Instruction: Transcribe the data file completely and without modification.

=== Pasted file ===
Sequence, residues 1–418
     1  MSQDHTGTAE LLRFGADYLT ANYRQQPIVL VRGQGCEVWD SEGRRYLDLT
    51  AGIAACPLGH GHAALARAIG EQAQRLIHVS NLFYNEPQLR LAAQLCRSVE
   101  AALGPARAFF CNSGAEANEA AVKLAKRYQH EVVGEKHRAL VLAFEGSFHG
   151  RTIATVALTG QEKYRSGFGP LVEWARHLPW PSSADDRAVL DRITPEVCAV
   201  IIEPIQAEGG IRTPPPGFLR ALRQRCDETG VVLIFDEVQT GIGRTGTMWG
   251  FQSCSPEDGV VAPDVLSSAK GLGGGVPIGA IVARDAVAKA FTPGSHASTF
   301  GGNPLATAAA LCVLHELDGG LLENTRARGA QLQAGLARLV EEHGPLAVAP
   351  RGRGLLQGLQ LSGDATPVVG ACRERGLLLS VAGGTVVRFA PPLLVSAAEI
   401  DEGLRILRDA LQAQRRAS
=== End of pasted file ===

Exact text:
Sequence, residues 1–418
     1  MSQDHTGTAE LLRFGADYLT ANYRQQPIVL VRGQGCEVWD SEGRRYLDLT
    51  AGIAACPLGH GHAALARAIG EQAQRLIHVS NLFYNEPQLR LAAQLCRSVE
   101  AALGPARAFF CNSGAEANEA AVKLAKRYQH EVVGEKHRAL VLAFEGSFHG
   151  RTIATVALTG QEKYRSGFGP LVEWARHLPW PSSADDRAVL DRITPEVCAV
   201  IIEPIQAEGG IRTPPPGFLR ALRQRCDETG VVLIFDEVQT GIGRTGTMWG
   251  FQSCSPEDGV VAPDVLSSAK GLGGGVPIGA IVARDAVAKA FTPGSHASTF
   301  GGNPLATAAA LCVLHELDGG LLENTRARGA QLQAGLARLV EEHGPLAVAP
   351  RGRGLLQGLQ LSGDATPVVG ACRERGLLLS VAGGTVVRFA PPLLVSAAEI
   401  DEGLRILRDA LQAQRRAS